In sum, under prevailing doctrine, a plaintiff may state a claim on which relief can be granted under § 1985(3) by alleging that private defendants have, with racial animus, violated his constitutional right to travel within a given state.
C. The Present Complaint
Fed.R.Civ.P. 8(f) provides that "[a]ll pleadings shall be so construed as to do substantial justice," and it is well settled that "a complaint should not be dismissed for failure to state a claim unless it appears beyond doubt that the plaintiff can prove no set of facts in support of his claim which would entitle him to relief," Conley v. Gibson, 355 U.S. 41, 45-46, 78 S.Ct. 99, 101-02, 2 L.Ed.2d 80 (1957). Under these principles, the complaint in the present case adequately stated a claim under § 1985(3) for a violation of Spencer's right to travel.
The complaint alleged that Spencer resided with his parents in Westchester County, New York, but that on May 28, 1986, he was visiting his sister in the Coney Island section of Kings County, New York. In the early hours of that morning, he was attacked and beaten savagely on the public streets by four or more White men. Plainly the complaint may be read to allege that Spencer had traveled from his home to a different section of the state, and it cannot be said that plaintiffs would be unable to show that defendants sought to injure Spencer for having come into their neighborhood.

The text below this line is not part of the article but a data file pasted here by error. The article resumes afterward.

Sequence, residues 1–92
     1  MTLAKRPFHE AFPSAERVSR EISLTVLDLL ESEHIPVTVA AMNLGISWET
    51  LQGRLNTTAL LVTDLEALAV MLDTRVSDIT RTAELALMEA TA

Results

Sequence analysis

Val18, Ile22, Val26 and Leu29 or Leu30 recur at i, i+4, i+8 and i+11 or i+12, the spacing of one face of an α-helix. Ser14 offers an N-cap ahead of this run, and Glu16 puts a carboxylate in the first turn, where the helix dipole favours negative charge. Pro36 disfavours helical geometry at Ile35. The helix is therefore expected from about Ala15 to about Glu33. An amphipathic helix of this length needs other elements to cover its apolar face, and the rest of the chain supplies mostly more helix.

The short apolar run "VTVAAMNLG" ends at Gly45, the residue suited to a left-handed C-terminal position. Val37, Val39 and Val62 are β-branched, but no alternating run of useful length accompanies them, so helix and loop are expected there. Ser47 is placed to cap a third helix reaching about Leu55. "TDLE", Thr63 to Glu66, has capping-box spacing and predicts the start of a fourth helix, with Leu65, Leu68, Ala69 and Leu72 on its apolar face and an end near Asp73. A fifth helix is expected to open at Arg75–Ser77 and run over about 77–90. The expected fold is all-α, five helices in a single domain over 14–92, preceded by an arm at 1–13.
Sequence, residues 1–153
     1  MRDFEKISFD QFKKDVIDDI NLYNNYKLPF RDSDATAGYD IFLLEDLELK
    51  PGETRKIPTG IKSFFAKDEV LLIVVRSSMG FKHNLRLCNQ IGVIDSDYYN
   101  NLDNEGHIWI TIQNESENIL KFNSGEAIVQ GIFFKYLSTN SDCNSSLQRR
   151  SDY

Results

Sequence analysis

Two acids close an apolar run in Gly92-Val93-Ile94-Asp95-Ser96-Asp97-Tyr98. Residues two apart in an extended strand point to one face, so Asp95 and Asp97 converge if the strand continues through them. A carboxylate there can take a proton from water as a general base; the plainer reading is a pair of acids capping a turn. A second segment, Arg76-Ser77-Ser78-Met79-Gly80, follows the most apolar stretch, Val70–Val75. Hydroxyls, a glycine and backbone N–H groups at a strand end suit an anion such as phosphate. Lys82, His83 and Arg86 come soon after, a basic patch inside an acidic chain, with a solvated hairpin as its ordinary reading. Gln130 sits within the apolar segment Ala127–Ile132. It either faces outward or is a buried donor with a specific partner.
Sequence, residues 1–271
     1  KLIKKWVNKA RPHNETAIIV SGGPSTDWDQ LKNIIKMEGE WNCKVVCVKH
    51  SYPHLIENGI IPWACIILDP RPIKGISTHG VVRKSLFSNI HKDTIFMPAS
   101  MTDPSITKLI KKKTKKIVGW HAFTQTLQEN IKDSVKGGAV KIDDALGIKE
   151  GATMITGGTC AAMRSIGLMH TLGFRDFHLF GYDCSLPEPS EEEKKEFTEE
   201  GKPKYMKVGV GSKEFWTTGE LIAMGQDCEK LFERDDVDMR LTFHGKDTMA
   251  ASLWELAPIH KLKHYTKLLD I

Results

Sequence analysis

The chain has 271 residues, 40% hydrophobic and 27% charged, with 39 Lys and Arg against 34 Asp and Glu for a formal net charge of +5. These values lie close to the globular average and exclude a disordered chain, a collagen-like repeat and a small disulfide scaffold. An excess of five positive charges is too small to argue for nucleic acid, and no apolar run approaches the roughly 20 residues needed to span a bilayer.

Further, the record suggests that plaintiffs will be able to show that the attack on Spencer was motivated by race. In support of their request to have the present action removed from the suspense calendar, plaintiffs submitted to the district court, inter alia, a copy of a letter sent by A Kings County Assistant District Attorney ("ADA") to the state court justice who presided over the criminal proceedings. The ADA, opposing a motion by Casavilla to withdraw his plea of guilty to second-degree murder, described the events leading to Spencer's death as follows: